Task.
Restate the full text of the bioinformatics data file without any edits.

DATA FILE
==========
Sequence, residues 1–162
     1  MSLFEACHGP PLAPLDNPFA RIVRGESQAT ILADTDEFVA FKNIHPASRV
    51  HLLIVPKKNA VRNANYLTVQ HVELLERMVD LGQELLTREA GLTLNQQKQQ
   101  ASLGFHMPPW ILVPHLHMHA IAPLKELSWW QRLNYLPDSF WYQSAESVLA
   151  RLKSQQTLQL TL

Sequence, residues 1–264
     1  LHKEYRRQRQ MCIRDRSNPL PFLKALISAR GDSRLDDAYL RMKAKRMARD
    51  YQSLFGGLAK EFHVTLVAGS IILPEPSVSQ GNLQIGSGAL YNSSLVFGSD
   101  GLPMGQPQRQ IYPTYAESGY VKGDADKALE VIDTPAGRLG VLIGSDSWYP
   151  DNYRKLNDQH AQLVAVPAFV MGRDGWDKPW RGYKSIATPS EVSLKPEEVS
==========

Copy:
Sequence, residues 1–162
     1  MSLFEACHGP PLAPLDNPFA RIVRGESQAT ILADTDEFVA FKNIHPASRV
    51  HLLIVPKKNA VRNANYLTVQ HVELLERMVD LGQELLTREA GLTLNQQKQQ
   101  ASLGFHMPPW ILVPHLHMHA IAPLKELSWW QRLNYLPDSF WYQSAESVLA
   151  RLKSQQTLQL TL

Sequence, residues 1–264
     1  LHKEYRRQRQ MCIRDRSNPL PFLKALISAR GDSRLDDAYL RMKAKRMARD
    51  YQSLFGGLAK EFHVTLVAGS IILPEPSVSQ GNLQIGSGAL YNSSLVFGSD
   101  GLPMGQPQRQ IYPTYAESGY VKGDADKALE VIDTPAGRLG VLIGSDSWYP
   151  DNYRKLNDQH AQLVAVPAFV MGRDGWDKPW RGYKSIATPS EVSLKPEEVS